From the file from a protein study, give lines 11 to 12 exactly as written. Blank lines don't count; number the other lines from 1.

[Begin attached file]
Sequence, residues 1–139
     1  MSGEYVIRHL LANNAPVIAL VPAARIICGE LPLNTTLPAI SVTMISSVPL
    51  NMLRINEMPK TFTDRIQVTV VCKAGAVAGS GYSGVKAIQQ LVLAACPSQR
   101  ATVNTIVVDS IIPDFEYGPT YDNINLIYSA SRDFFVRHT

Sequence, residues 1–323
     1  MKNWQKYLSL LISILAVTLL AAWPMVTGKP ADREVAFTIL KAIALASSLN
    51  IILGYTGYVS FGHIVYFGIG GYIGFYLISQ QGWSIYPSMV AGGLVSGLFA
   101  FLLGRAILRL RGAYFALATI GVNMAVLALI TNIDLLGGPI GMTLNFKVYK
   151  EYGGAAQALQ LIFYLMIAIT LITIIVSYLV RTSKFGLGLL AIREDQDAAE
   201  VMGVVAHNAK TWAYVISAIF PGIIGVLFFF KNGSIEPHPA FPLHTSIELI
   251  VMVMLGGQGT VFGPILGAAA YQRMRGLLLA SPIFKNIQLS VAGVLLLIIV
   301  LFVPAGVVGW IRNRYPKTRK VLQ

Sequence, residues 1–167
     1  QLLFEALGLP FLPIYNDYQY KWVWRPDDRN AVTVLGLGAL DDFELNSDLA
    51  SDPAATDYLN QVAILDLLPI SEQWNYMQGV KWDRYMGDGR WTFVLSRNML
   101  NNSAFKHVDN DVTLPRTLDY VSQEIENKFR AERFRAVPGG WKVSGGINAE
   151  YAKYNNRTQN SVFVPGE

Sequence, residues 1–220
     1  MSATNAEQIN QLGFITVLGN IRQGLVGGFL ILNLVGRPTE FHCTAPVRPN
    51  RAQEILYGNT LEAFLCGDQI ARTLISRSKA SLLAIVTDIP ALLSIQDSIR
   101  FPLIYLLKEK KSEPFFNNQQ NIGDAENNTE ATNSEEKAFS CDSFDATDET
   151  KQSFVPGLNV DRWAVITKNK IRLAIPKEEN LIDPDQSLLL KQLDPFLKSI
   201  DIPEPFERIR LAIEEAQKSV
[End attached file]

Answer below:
   251  VMVMLGGQGT VFGPILGAAA YQRMRGLLLA SPIFKNIQLS VAGVLLLIIV
   301  LFVPAGVVGW IRNRYPKTRK VLQ